“In the Capitol basement yesterday, long-suffering
House Democrats took a trip to the land of make-believe,” Milbank wrote.
“They pretended a small conference room was the Judiciary Committee
hearing room, draping white linens over folding tables to make them look
like witness tables and bringing in cardboard name tags and extra flags
to make the whole thing look official.” [Washington Post, June 17, 2005]
After Colbert’s lampooning of Bush and the
Washington press corps, Milbank appeared on MSNBC on May 1 to pronounce
the comedian’s spoof “not funny,” while Milbank judged the President’s
skit with Bush impersonator Steve Bridges a humorous hit.
Milbank’s assessment was shared by many journalists
at the dinner, a reaction that can partly be explained by the pressure
Washington reporters have long felt from well-organized right-wing
media-attack groups to give Bush and other conservatives the benefit of
every doubt. [See Consortiumnews.com's "The
Bush Rule of Journalism" or Robert Parry's
Secrecy & Privilege.]
For Washington journalists, who realized their
reactions at the dinner were being broadcast on C-SPAN, laughing along
with Bush was a win-win -- they could look good with the White House and
avoid any career-damaging attacks from the Right -- while laughing at
Colbert’s jokes could have been a career lose-lose. However clever
Colbert’s jokes were, they were guaranteed to face a tough crowd with a
lot of reasons to give the comedian a chilly reception.
monologue also struck too close to home when he poked fun at the
journalists for letting the country down by not asking the tough
questions before the Iraq War.
Using his faux persona as a right-wing Bush
acolyte, Colbert explained to the journalists their proper role: “The
President makes decisions; he’s the decider. The press secretary
announces those decisions, and you people of the press type those
“Make, announce, type. Put them through a spell
check and go home. Get to know your family again. Make love to your
wife. Write that novel you got kicking around in your head. You know,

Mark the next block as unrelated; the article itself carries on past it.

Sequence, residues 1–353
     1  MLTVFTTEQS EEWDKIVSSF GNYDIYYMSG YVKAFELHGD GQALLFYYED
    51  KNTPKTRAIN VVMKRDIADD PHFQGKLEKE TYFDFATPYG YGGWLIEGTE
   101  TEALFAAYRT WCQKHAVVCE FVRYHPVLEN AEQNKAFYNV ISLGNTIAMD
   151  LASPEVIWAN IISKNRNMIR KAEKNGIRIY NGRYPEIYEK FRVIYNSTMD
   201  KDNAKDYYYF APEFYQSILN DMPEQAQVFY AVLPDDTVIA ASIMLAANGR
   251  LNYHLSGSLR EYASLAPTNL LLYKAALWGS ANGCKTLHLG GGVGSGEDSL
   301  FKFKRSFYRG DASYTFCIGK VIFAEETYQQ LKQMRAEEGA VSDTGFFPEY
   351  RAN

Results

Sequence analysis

the one about the intrepid Washington reporter with the courage to stand
up to the administration. You know – fiction.” [To watch Colbert, click
Even before the Colbert controversy, the White
House Correspondents’ Association annual dinner and similar
press-politician hobnobbing have been cringing examples of unethical
The American people count on the news media to act
as their eyes and ears, as watchdogs on the government, not lap dogs
wagging tails and licking the faces of administration officials.
Whatever value these dinners might once have had – as an opportunity for
reporters to get to know government sources in a more casual atmosphere
– has long passed.
Since the mid-1980s, the dinners have become
competitions among the news organizations to attract the biggest
Hollywood celebrities or infamous characters from the latest national
scandal. Combined with lavish parties sponsored by free-spending outlets
like Vanity Fair or Bloomberg News, the dinners have become all about
Plus, while these self-indulgent affairs might seem
fairly harmless in normal political times, they are more objectionable
when American troops are dying overseas and the Executive Branch is
asserting its right to trample constitutional rights, including First
Amendment protections for journalists.
This contradiction is especially striking as the
news media fawns over Bush while he attacks any nascent signs of
journalistic independence. The administration is currently looking into
the possibility of jailing investigative reporters and their sources for
revealing policies that the White House wanted to keep secret, such as
warrantless wiretaps of Americans and clandestine overseas prisons where
detainees are hidden and allegedly tortured.
The fact that so many national journalists see no
problem cavorting with Bush and his inner circle at such a time explains
why so many Americans have reached the conclusion that the nation needs
a new news media, one that demonstrates a true commitment to the
public’s right to know, rather than a desire for cozy relations with the
Indeed, in a world with a truly independent news
media, it is hard to imagine there would ever be a White House
In such a world, the Washington Post also might
find better use for its treasured space on its Op-Ed page than giving it
over to a columnist who favors decorum over accountability. The Post
might even hire a columnist who would object less to a sharp-tongued
comedian lampooning a politician and complain more about a President who
disdains domestic and international law, who tolerates abusive treatment
of prisoners, and who inflicts mayhem on a nation thousands of miles
away that was not threatening the United States.
Only the likes of Richard Cohen could see George W.
Bush as the victim and Stephen Colbert as the bully.